Thousands of Migrants Rescued Off Libyan Coast

Eritrean migrants in Mediterranean Sea
Migrants from Eritrea on a wooden vessel during a rescue operation by Spanish NGO Proactiva, the Mediterranean Sea off the Libyan coast, August 29. Giorgos Moutafis/Reuters

Thousands of migrants and refugees were rescued off the coast of Libya on Monday in one of the largest such operations to date.

Around 40 missions—involving Italian naval ships, the European Union border agency Frontex and several NGOs—rescued around 6,500 people according to the Italian coastguard. The operations took place 12 miles (20 kilometers) off the coast of Sabratha, a town in northwestern Libya, the BBC reported. More than 1,100 migrants and refugees were rescued on Sunday in the same area in an operation led by Spanish humanitarian group Proactiva.

Dramatic video footage shows the migrants and refugees jumping into the sea and swimming to the nearby rescue boats. The migrants and refugees had set off from Libya in small, overcrowded wooden boats with a little fuel, with the apparent intention of getting about 15 miles (24 kilometers) out to sea, where rescuers were operating. Some of those rescued were traveling with children and babies as young as five days old.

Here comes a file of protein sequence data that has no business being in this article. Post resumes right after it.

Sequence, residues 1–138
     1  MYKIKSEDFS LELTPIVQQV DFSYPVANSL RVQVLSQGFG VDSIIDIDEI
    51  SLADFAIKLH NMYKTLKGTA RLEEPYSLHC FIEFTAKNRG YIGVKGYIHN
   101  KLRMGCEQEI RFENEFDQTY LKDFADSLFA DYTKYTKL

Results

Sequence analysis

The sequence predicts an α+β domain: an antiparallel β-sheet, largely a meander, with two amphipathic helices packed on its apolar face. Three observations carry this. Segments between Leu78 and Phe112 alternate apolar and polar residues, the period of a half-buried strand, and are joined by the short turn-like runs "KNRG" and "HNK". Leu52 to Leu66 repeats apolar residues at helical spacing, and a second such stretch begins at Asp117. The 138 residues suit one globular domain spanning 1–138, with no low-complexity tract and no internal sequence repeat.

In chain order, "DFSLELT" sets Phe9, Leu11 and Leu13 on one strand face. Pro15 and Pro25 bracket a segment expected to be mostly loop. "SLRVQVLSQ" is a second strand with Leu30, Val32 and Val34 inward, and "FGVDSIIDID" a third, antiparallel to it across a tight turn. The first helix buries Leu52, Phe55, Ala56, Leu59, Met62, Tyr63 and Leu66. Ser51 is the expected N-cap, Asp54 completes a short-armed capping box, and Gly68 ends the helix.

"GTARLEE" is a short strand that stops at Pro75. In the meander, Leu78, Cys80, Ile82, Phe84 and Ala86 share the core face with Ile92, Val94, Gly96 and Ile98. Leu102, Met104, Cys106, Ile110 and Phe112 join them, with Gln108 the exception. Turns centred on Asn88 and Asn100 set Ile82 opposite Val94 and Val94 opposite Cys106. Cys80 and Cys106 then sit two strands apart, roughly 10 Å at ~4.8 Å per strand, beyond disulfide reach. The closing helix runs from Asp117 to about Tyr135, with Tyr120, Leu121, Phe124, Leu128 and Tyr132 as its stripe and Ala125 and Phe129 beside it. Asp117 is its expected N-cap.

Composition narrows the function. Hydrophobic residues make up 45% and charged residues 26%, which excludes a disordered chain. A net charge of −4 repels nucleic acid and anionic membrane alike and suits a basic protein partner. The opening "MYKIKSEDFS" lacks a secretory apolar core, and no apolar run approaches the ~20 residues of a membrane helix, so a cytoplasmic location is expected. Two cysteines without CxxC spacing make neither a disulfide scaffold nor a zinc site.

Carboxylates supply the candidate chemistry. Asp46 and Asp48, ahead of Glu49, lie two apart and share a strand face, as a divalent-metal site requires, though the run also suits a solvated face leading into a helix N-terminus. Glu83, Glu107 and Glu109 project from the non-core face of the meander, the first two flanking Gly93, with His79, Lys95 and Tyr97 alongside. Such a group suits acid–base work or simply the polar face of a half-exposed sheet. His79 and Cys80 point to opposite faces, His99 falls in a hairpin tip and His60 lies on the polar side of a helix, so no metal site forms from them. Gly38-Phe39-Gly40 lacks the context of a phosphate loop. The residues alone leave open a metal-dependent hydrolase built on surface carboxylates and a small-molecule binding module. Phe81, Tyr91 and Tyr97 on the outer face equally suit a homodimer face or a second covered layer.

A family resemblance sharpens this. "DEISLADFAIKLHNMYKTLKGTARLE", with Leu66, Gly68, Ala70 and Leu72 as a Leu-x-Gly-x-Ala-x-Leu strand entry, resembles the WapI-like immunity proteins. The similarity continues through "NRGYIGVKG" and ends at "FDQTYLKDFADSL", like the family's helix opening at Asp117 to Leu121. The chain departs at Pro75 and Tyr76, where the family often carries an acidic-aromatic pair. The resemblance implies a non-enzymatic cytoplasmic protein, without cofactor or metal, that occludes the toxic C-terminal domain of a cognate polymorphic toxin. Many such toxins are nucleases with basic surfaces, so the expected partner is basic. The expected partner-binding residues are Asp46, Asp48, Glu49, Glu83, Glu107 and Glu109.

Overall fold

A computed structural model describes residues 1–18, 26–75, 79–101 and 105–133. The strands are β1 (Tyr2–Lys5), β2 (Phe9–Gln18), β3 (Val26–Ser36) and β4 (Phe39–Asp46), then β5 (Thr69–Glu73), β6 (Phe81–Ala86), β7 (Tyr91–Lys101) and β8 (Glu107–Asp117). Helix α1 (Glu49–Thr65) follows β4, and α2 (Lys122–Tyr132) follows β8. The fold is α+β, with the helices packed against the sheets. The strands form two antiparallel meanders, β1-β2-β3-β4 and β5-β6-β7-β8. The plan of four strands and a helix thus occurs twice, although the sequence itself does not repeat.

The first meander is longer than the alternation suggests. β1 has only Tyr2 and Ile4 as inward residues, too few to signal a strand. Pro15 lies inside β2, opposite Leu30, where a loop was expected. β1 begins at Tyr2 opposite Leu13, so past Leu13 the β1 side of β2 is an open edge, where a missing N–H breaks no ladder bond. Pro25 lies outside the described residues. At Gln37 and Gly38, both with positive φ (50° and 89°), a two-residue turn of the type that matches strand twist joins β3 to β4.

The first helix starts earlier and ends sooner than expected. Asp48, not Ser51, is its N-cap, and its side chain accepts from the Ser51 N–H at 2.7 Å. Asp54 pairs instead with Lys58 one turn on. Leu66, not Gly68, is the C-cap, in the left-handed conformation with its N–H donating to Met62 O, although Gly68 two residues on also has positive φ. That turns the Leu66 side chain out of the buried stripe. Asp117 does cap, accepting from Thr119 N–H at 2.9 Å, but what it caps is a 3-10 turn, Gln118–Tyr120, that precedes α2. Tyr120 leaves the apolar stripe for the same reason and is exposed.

The so-called central Mediterranean route—leaving from northern Libya and arriving in Italy or the nearby island of Lampedusa—has remained under intense pressure and is used largely by sub-Saharan Africans, including Nigerians and Eritreans, seeking economic opportunities or fleeing situations of war or authoritarian governments. Frontex has recorded more than 70,000 illegal border crossings on the route in the first six months of 2016.

More than 2,700 people have died attempting to cross from Libya to Italy in 2016, according to the International Organization for Migration, which also estimated that 275,000 migrants and refugees are waiting to travel from Libya.

In 2015, over 1 million migrants and refugees entered Europe, with many fleeing the civil war in Syria. The EU struck a deal with Turkey in March to clamp down on migrants entering the continental bloc via Greece, reducing the number of people entering via the so-called Eastern Mediterranean route.